A veteran of romance: Sundari Venkatraman has written 22 romance e-novels
Fifty-six-year-old Sundari Venkatraman has written 22 romance e-novels and is out with her first published, The Malhotra Bride. This book, which of course is a romance, is about the ambitious Sunita Rishi, her arranged marriage and how she finds love through it. The author herself has been writing in the romance genre for a while now, yet she is still met with either disappointment or silly giggles when she introduces herself as someone who writes in this genre. "Women still use pseudonyms today while writing in this genre because their families can't accept it," says the Kumbakonam-born author. And though she too was dissuaded from reading romance novels, she kept at it, even when people told her that it'll be difficult to read other kinds of books. Venkatraman is now the Brand Ambassador for Kindle Direct Publishing, Amazon's initiative that allows authors to independently publish their books. Talking about this genre, she says that she consciously tries to weave in social issues, which elevates the novel and teaches the reader a thing or two about life, "without sounding preachy, of course," she admits.
Arpitha Rao, Notion Press
The only way Arpitha Rao, the former senior editor at Notion Press, got to read romance novels was by visiting Eloor Library in T Nagar, Chennai (Remember the Sweet Valley High series and the Mary-Kate and Ashley Olsen books?). And she knows now, just like she knew back then, that a romance novel is never just that. "Out of the 35 books an editor receives, 20 will be romances," Rao says, adding that Indian writers are heavily influenced by Bollywood fluff. Also, sometimes writers don't know the difference between romance and Mills & Boons. "We have to guide them in the right direction or ask them to tone it down," she laughs. She concludes by saying that there are two genres that sell the most — romance and business management books — with special emphasis on the former because, "we are all suckers for romance after all," she laughs.
Love, one of many: Today's love stories are not the 90s clichés
In Bhawna Tewari's futuristic novel Rise of Indistan: Beginning of a New End, romance might be a mere subplot, but it drives one of the main characters, Abhimanyu, to conclude the mission that the protagonist, Kanika, has started. And for Kanika, her career and her mission of bringing Pakistan and India on the same page is of utmost importance. This reflects the attitude of most of today's generation, feels Tewari, who is a senior manager at Global Benefits Group. "Love is not about waiting hours to catch a glimpse of a beloved or dying for the one you love," she says. People have their careers and friends, which form a very important part of life too. Therefore, today's love stories are not the 90s clichés; they are more real and layered. "I myself relate to modern romances more than I relate to those love stories of the bygone era," the 33-year-old admits. Similarly, romance too could be a subplot and not the theme as such, just like real life.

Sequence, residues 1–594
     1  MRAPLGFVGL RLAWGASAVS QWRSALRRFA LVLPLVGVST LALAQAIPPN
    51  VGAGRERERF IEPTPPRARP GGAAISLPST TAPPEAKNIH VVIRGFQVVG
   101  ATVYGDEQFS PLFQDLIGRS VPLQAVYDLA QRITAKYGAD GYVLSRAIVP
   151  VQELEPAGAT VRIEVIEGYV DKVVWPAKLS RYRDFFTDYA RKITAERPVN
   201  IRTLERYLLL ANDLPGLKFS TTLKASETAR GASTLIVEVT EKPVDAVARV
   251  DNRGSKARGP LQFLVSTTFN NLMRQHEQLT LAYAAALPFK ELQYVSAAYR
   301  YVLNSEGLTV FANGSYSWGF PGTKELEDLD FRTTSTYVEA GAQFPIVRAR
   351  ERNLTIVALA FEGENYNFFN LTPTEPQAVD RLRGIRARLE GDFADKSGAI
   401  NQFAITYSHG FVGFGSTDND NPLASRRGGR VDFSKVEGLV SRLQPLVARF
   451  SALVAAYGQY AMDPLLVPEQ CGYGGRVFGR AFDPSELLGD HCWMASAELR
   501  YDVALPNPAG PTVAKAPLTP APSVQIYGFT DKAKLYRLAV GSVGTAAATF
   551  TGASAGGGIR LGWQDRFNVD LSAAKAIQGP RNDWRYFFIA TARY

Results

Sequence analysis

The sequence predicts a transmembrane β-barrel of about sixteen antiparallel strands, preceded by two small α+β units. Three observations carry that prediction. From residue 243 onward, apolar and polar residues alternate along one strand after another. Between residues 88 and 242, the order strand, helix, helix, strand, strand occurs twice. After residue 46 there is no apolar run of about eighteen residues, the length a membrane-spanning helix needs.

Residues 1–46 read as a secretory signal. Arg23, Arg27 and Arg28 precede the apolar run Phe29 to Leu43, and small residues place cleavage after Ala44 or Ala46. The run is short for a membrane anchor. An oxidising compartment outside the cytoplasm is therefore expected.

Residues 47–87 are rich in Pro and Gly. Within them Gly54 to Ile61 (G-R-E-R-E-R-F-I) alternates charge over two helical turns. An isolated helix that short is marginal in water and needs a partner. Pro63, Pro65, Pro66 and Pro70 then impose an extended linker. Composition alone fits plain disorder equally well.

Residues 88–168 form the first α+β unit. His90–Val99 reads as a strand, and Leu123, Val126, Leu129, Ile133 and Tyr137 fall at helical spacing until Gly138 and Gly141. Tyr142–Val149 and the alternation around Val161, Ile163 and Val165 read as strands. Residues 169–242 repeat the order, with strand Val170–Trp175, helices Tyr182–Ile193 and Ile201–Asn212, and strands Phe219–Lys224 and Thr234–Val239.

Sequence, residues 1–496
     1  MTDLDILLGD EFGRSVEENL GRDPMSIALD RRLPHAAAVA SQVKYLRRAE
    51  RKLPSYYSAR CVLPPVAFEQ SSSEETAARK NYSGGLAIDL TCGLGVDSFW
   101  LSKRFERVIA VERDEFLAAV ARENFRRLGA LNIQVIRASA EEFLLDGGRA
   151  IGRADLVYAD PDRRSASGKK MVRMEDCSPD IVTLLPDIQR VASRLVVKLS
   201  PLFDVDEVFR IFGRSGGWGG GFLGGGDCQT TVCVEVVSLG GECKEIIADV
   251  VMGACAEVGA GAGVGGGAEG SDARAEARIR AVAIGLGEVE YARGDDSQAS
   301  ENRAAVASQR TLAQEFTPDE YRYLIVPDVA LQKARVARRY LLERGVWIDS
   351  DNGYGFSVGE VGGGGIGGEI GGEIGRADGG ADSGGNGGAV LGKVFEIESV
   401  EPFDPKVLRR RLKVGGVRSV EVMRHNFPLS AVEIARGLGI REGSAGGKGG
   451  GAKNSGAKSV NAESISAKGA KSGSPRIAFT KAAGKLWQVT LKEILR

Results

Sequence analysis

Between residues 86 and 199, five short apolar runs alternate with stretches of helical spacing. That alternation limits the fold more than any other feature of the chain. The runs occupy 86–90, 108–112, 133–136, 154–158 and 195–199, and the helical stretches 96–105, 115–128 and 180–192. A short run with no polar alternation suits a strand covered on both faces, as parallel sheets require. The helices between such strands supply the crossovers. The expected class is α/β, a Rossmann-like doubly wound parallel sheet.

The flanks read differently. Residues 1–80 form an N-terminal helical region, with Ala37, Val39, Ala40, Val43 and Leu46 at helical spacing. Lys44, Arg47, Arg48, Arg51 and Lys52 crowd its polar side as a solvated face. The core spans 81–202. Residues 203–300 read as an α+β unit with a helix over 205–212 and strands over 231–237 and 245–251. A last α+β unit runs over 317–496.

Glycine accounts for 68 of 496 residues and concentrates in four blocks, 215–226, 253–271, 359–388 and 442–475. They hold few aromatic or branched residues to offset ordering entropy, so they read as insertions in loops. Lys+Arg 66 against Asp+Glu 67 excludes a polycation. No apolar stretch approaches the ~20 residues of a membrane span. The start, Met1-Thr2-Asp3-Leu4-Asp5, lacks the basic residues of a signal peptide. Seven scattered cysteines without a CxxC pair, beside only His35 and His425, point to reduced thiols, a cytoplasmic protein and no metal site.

Students share their experiences of reading romance novels
Once I was reading Me Before You and a male friend of mine asked me why am I reading 'such a book'. Somehow, I convinced him to read the book and he actually liked it. Now, he actively reads romance novels. I really feel that one should start reading books of this genre because they are quick reads and make you happy
Hridaya Harjani, 21, IHM, Hyderabad
As a teenager, I used to read many romance novels and of course, I have been asked to read something ‘better’ or more informative. People told me that reading romance novels will deviate my mind, but I continued to read. These novels show the adversities that the people in love have to deal with and how ultimately, love will triumph over everything else
Aashika Jain, 20, Pendekanti Law College
My favourite romance novel is A Walk to Remember by Nicholas Sparks. When you chose to read romance novels, you also have to put up with questions like, ‘Why don’t you read something useful?’. I faced the same and many people ridiculed and made fun of me. But I never cared about them. For me, romance novels are an escape
Simran Harjani, 20, Aurora’s Degree and PG College
I have had ugly instances where people around me have passed comments and mocked me when they saw a romance novel in my hand. Without being bothered by their opinions, I continue to read them because I love reading cheesy lines, visualising picture-perfect scenes and blushing because of the characters, all of which leave you with a feel-good feeling
Sonali Kanodia, 23, homemaker